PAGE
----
when either driving his car or flying in an aircraft. And he
certainly does not make comparisons.
The bases of my statements relative to the use of
different rates measuring transportation safety are to be found in
"Transportation Safety Index Applicable to All Modes," "Changing
Baseline in Transportation Safety: An Assessment of Some Key
Factors," and "Applicability of Behavior Theory to Transportation,"
in TRANSPORTATION SYSTEM SAFETY & PROJECT ANALYSIS,
Transportation Research Record 709., Transportation Research Board,
National Academy of Sciences, Washington, DC, 1979.
What may also be of interest to you is "Behavioral
Analysis of Verbal Interaction Between Pilots and Air Traffic
Controllers," in AVIATION FORECASTING, PLANNING AND OPERATIONS,
Transportation Research Record 732, Transportation Research Board,
National Academy of Sciences, Washington, DC, 1979.***
And finally, to the topic of your site. You say that
crash-worthiness would work so miraculously, that it could
significiantly lower the number of casualties in plane accidents. I
tried to recall as many air crashes and accidents as i could type in
3 minutes - lets look how many could different if the plane was able
to take a ground hit and let people out.
- 1976 accident in Canaries (two 747s)
- 1979 DC-10 in Chicago
- 1981 accident in Warsaw (il-62m in Kabacki Woods)
- 1997 TWA 800 crash near New York
- Flight 1501 in southern USA two or three weeks ago
- 1997 a 747 and a cargo colliding over India
- 1993(?) 747 running into a residential building in Amsterdam
- 1987 Lockerbie 747
- 747 accident in Japan where a non-steerable a/c was flown for
almost an hour until it hit a mountain, killin 585 people (no idea
what year was that in). (time's up).
In my opinion, having a crash-resistant airplane would help in
two cases out of 9. That is Flight 1501 (a plane rolling off the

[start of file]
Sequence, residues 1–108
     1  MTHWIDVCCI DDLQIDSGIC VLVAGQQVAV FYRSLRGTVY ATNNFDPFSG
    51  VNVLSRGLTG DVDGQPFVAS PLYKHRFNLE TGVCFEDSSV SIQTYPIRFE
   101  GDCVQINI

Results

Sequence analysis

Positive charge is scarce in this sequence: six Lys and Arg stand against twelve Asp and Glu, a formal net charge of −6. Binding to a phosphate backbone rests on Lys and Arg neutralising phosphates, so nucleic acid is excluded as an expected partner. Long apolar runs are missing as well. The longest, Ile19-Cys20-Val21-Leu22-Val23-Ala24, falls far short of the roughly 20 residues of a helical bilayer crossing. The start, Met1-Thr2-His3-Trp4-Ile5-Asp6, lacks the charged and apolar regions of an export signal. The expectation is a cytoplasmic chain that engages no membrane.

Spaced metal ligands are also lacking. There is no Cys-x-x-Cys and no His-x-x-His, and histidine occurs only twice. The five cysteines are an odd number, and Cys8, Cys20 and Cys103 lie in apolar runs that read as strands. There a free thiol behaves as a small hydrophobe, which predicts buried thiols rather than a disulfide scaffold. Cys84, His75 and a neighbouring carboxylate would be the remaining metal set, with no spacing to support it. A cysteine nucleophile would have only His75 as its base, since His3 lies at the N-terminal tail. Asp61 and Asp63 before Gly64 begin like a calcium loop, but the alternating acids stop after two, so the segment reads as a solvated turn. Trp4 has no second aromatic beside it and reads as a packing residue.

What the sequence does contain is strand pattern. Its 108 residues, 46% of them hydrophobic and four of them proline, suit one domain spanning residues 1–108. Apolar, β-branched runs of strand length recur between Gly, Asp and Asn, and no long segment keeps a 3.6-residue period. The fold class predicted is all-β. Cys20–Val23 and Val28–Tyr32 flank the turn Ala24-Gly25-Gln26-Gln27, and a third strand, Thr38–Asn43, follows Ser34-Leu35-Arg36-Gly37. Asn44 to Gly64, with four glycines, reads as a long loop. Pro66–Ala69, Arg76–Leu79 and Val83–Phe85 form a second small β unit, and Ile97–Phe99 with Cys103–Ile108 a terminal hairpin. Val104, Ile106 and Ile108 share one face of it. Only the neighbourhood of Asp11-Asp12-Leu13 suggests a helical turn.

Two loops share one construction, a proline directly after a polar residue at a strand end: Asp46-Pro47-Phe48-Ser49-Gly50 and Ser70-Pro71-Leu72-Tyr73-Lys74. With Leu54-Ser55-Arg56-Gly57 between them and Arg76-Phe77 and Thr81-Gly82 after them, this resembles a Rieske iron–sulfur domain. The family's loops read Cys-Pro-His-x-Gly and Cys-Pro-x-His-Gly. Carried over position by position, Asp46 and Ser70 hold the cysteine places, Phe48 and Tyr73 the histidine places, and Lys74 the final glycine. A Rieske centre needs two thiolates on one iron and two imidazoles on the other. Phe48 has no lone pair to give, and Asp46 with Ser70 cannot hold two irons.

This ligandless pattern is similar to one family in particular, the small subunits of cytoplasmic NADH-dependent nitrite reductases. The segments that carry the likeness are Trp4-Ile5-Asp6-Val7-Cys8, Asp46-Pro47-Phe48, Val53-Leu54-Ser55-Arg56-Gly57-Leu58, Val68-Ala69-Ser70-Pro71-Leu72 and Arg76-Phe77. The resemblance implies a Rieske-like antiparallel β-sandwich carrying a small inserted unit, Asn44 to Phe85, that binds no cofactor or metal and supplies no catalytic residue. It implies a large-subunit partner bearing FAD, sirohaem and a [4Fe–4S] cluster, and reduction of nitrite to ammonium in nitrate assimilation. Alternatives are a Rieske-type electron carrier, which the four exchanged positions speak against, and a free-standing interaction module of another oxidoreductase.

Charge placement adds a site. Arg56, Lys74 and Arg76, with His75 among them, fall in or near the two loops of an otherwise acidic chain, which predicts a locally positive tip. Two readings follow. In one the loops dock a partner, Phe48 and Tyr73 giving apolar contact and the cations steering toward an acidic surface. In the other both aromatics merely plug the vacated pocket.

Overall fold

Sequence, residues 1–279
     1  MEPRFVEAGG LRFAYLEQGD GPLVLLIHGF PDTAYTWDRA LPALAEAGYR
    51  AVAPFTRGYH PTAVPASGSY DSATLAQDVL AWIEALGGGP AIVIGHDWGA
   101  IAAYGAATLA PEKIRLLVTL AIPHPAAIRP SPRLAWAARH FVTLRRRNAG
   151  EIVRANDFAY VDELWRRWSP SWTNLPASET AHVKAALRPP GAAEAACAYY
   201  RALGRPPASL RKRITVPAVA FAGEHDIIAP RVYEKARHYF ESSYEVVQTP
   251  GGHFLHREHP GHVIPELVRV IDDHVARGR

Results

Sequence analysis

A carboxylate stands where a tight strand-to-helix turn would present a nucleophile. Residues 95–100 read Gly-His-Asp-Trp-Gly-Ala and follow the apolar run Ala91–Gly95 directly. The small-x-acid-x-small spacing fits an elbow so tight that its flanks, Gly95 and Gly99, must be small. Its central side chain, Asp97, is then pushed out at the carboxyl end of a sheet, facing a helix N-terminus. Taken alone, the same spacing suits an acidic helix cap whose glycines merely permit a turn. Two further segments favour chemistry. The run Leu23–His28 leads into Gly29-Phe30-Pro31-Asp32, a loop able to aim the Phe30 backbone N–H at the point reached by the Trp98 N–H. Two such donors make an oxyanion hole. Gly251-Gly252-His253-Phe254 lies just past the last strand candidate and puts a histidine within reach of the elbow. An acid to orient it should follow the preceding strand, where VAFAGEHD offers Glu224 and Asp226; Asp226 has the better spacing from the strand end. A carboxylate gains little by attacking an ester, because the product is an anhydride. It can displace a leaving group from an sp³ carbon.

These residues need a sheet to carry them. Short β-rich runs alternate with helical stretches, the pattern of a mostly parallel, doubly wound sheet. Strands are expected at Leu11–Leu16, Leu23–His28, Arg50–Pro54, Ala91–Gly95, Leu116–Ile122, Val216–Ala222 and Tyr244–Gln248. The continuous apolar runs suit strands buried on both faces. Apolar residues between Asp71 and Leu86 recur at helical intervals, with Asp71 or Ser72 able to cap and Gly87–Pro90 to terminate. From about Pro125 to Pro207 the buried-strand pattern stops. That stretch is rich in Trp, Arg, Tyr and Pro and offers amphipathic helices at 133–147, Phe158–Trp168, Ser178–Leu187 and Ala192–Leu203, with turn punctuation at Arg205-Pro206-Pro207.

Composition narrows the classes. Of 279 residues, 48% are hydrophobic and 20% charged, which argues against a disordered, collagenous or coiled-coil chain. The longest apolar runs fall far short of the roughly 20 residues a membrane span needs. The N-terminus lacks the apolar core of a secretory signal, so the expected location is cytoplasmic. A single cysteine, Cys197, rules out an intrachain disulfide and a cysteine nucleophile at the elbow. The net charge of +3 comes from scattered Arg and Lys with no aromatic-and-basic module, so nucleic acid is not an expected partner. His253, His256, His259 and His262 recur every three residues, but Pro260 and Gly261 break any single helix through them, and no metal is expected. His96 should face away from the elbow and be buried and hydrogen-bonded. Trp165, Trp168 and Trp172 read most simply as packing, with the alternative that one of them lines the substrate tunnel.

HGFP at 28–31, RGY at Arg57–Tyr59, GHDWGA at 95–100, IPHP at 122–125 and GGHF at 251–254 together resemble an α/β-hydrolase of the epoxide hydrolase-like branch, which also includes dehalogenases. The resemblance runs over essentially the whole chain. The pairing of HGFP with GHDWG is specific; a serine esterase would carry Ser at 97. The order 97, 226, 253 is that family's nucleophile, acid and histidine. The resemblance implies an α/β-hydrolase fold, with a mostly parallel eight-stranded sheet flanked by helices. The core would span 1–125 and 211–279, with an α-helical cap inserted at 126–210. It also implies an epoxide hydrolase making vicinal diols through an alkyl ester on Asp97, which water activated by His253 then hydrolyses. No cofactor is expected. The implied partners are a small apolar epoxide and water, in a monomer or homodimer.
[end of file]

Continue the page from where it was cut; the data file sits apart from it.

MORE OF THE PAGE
runway) and 1993 Amsterdam crash, perhaps (this was a high speed
impact, don't think many could survive). My short poll is not
representative, but i think it shows the proportion pretty
***You really haven't read my entire article or seen the
entire website, have you? You force me to repeat material which is
available to you.***
That is Flight 1501 ..... but i think it shows the proportion
***It is my opinion that Burnelli-Type airplanes in all
these cases (even the non-accident Lockerbie disaster) would have
saved most of the lives lost.***
1976 accident in Canaries (two 747s)
***1) Because the entire plane is lifting surface the
structure of a Burnelli is so much stronger than the conventional
2)Because the fuel is only in the outer wings in a
Burnelli and the engines are not on the fuel-tank structure the fire
would not have been as immediate or all-enveloping or consuming.
1979 DC-10 in Chicago
***That DC-10 like all conventional planes went down.
- A Burnelli takes off and rises essentially level,
"Like an elevator" according to one test pilot
- A Burnelli was the first plane to prove it could
continue to climb on takeoff at the same rate with one engine as
with two, and to land safely;
- the greater width of the Burnelli and placement of